Wildfires Unlikely to Impact 2019 Production Figures in California

Olive growers have largely been spared the fate of wine producers, who are likely to suffer setbacks from the Kincade fire that raged through Sonoma county late last year.

By Zach Lisabeth
Jan. 27, 2020 09:10 UTC

The 2019 wild­fire sea­son has come to an end in California. In spite of being the small­est fire sea­son since 2011 – in terms of acres destroyed – sev­eral blazes burned through­out the state’s olive-grow­ing regions.

While wild­fires destroyed crop­land and res­i­den­tial prop­er­ties in Kern, Monterrey, Los Angeles, Riverside, San Luis Obispo, Santa Barbara, Sonoma, Sutter, Tehama, Ventura and Yolo coun­ties – all of which are olive pro­duc­ing regions – few farm­ers reported dam­age to their crops.

Neither we nor our grower part­ners in the state have had any of our orchards affected by the fires last fall.- Michael Fox, CEO of California Olive Ranch

The California Olive Oil Council (COOC) had pre­vi­ously esti­mated that the 2019 har­vest in California would yield about 13,800 tons. While some in the sec­tor believe this fig­ure was a bit too opti­mistic, over­all olive oil pro­duc­tion is not expected to be impacted by the wild­fires.

I have heard that the peri­odic power shut­downs by the power com­pa­nies in wild­fire-prone areas dur­ing peri­ods of high wind did affect at least one proces­sor, and this may have impacted their oper­a­tion for a lim­ited period,” Dan Flynn, the exec­u­tive direc­tor of the UC Davis Olive Center, told Olive Oil Times.

See Also:2019 Harvest News

I have not heard that the wild­fires have been a major fac­tor on olive oil qual­ity and quan­tity, but I also have not had com­pre­hen­sive dis­cus­sions with grow­ers about this,” he added.

Patricia King, the new exec­u­tive direc­tor of the COOC, told Olive Oil Times that it was still too early to tell what the final har­vest would be and did not com­ment on whether wild­fires would have an impact.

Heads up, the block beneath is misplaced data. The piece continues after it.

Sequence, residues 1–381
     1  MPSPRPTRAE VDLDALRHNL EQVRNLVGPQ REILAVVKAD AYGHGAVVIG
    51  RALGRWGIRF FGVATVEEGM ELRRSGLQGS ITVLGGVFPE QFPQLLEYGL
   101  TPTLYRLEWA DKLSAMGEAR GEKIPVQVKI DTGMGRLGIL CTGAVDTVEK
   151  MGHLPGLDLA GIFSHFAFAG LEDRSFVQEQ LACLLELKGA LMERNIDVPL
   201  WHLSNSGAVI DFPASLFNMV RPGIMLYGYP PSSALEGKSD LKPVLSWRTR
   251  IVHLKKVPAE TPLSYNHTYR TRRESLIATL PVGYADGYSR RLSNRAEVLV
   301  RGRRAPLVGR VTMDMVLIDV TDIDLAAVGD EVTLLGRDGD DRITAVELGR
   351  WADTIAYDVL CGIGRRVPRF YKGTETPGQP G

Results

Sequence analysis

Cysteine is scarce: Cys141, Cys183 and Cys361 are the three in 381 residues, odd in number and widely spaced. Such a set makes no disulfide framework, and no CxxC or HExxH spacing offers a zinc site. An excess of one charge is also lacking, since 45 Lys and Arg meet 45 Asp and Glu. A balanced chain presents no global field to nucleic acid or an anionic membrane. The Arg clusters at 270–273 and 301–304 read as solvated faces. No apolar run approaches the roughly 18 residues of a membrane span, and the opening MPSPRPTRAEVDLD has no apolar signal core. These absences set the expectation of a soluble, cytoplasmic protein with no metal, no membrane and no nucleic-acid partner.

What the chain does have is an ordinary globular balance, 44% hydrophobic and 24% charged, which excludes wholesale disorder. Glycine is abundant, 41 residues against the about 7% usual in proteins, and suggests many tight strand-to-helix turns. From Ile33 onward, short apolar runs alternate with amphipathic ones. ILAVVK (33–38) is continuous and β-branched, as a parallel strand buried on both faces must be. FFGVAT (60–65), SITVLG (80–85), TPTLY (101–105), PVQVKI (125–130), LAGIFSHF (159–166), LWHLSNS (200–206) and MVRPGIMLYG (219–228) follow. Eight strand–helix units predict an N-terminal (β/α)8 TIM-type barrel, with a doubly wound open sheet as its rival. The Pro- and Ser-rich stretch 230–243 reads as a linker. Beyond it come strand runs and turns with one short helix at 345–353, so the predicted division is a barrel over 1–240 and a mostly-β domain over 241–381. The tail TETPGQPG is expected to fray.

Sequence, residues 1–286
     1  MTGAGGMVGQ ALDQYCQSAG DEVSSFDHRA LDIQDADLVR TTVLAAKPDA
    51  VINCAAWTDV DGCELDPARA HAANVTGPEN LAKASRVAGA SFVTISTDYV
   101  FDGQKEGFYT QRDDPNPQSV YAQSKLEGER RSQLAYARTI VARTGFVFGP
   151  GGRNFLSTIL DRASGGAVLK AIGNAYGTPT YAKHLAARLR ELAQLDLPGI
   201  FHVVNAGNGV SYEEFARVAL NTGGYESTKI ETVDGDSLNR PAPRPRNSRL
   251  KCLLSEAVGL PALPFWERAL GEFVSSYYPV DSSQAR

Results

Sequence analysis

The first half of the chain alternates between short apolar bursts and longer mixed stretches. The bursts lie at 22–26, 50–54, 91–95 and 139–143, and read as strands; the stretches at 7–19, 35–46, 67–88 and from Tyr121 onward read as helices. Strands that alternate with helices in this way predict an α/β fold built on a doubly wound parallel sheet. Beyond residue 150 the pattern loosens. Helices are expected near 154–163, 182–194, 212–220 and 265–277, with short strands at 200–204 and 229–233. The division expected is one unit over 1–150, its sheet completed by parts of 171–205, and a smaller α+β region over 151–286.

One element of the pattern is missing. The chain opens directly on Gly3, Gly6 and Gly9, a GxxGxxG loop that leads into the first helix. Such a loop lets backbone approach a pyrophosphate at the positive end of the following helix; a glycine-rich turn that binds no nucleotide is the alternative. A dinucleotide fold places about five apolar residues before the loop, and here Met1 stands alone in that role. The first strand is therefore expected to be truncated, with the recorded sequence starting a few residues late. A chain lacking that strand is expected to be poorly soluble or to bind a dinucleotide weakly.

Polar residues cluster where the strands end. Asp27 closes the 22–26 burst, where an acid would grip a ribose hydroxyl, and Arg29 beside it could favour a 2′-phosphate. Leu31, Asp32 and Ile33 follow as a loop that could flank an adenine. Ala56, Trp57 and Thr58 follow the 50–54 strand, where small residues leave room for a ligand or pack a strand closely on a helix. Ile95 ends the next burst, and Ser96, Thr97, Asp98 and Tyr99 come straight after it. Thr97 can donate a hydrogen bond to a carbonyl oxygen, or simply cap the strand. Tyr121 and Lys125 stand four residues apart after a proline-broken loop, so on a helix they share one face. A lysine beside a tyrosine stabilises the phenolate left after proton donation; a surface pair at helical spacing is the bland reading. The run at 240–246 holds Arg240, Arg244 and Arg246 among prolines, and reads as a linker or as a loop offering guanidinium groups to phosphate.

We will not know the final pro­duc­tion until approx­i­mately late May, as we are cur­rently in the process of cer­ti­fy­ing the oils,” she said.

Olive grow­ers have largely been spared the fate of wine pro­duc­ers, who are likely to suf­fer much larger set­backs in light of the Kincade fire that raged through Sonoma county.

Olives sur­vived the vir­u­lent fire sea­son thanks to their wider win­dow for har­vest. Unlike wine grapes, which require har­vest­ing dur­ing very spe­cific win­dows, often as short as a sin­gle night, olives that will be pressed for oil can be viably har­vested over sev­eral weeks or months.

Both grapes and olives are del­i­cate fruits and are extremely sen­si­tive to smoke dam­age, rel­a­tive to heartier crops grown in the region such as almonds and gar­lic. The threat comes from volatile com­pounds called phe­nols found in wood smoke.

Any sig­nif­i­cant expo­sure dur­ing the life-cycle of the crop results in a con­di­tion called smoke taint. Smoke tainted fruits take on a char­ac­ter­is­tic burnt, ashy or med­i­c­i­nal fla­vor that can show up in wines or oils pressed from the exposed har­vest, accord­ing to the Australian Wine Research Institute.

During inclement weather, wind can carry these dam­ag­ing phe­nols hun­dreds of miles from an active fire, threat­en­ing crops across a much wider and more exposed area.

Many California olive grow­ers sim­ply har­vested their olive crop before nearby fires threat­ened their liveli­hood with smoke dam­age. In a recent sur­vey admin­is­tered by Olive Oil Times, only two pro­duc­ers from the United States said that wild­fires had impacted their pro­duc­tion.

We had a very strong har­vest this sea­son. We have pro­duced some of the high­est qual­ity extra vir­gin olive oil in our 20-year his­tory,” Michael Fox, the CEO of California Olive Ranch, told Olive Oil Times. Neither we nor our grower part­ners in the state have had any of our orchards affected by the fires last fall.”


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